Two New "Rules" to Avoid Unacceptable Story Themes

It has come to my attention that many students are beginning to want to write their operas around themes of a violent, sexual or off-color nature due, I am sure, to their exposure to those topics on television, in video games, and movies, and even, sadly, in the news. Those themes are absolutely not appropriate for Opera by Children participants and the music mentors will be asked not to arrange anything for children to sing that will reinforce negative behavior.

I am providing you with a “way out” when you see your students slipping into one of those modes. Add to the “Three Rules” two more, please:

1. Stories may not be built around sexual or overtly violent themes. You may phrase that however is best suited to the age of your students. Perhaps you could say “boy-girl relationships are not a topic that we may use in this activity.” We already have “No one gets hurt”, but that does not seem to stop the older students from wanting to introduce quite a lot of direct violence into the operas. It is the teacher’s responsibility to watch for and guide the students away from those areas while they are writing the story.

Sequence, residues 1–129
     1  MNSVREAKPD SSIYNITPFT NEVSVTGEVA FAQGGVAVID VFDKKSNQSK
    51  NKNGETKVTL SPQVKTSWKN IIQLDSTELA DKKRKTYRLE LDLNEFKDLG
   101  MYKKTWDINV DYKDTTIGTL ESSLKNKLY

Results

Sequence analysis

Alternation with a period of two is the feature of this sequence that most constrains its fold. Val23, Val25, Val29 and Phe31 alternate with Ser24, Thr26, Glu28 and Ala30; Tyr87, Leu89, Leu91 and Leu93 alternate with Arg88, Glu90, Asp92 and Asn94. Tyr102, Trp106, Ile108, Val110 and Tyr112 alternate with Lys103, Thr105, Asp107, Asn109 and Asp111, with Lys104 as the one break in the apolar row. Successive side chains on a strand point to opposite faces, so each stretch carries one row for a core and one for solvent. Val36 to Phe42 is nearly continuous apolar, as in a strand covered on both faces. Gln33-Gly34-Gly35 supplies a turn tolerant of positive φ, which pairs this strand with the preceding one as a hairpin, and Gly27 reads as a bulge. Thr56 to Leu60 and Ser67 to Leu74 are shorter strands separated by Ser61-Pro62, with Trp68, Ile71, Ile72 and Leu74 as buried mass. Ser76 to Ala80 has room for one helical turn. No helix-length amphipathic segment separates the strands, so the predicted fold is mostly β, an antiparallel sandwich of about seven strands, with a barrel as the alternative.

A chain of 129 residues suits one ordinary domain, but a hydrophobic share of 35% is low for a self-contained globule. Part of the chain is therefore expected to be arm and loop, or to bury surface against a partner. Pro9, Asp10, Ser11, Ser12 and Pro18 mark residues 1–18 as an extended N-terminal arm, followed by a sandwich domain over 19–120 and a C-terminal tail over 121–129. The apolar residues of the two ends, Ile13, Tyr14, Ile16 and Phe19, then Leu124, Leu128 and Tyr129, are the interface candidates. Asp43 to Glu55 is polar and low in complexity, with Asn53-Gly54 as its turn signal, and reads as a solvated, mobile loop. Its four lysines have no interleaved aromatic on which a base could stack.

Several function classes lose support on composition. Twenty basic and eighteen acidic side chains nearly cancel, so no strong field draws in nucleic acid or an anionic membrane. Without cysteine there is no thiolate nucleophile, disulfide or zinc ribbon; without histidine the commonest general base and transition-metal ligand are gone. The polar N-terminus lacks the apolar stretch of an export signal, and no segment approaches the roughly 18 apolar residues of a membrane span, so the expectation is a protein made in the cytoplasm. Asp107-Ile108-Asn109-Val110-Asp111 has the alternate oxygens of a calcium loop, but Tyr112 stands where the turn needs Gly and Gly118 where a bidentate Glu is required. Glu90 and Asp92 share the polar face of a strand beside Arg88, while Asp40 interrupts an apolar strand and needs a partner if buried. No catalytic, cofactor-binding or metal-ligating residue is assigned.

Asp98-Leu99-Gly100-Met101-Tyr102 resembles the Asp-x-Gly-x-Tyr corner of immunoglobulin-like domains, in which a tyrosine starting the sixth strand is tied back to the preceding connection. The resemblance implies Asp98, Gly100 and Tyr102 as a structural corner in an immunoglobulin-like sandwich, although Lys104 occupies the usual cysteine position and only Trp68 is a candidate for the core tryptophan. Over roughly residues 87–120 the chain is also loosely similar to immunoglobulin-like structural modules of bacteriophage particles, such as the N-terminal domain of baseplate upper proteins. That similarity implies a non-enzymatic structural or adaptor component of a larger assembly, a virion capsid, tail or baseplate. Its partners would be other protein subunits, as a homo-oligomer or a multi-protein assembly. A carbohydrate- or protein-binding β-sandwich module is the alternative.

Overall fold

2. Language used in the opera may not include profanity or even an “indication” of profanity, such as using a partial statement that the mind automatically fills in the blanks. For instance, students cannot say “What the …..” and expect other students not to fill in the missing word with an inappropriate slang term. This is inappropriate for Opera by Children and will not be set to music by the music mentors.

Opera by Children is a safe place. It is unique. It is fun, but it is also ennobling and uplifting. And it has certain parameters. TEACHERS, remember please that you do not give away all control to the students. You give away your “dreams” as Mrs. Wuthrich so nicely stated at the workshop, meaning what YOU would like to have the story say and do. Yes, please do allow them their ideas and let them own the opera, but give them the parameters and be the guardian of the process that gently guides them to stay within those parameters.

If you are unsure whether or not something is acceptable, ask us please. We are here to help you to be successful and enjoy this entire process.

Susan Ames
Education Director, Utah Festival Opera


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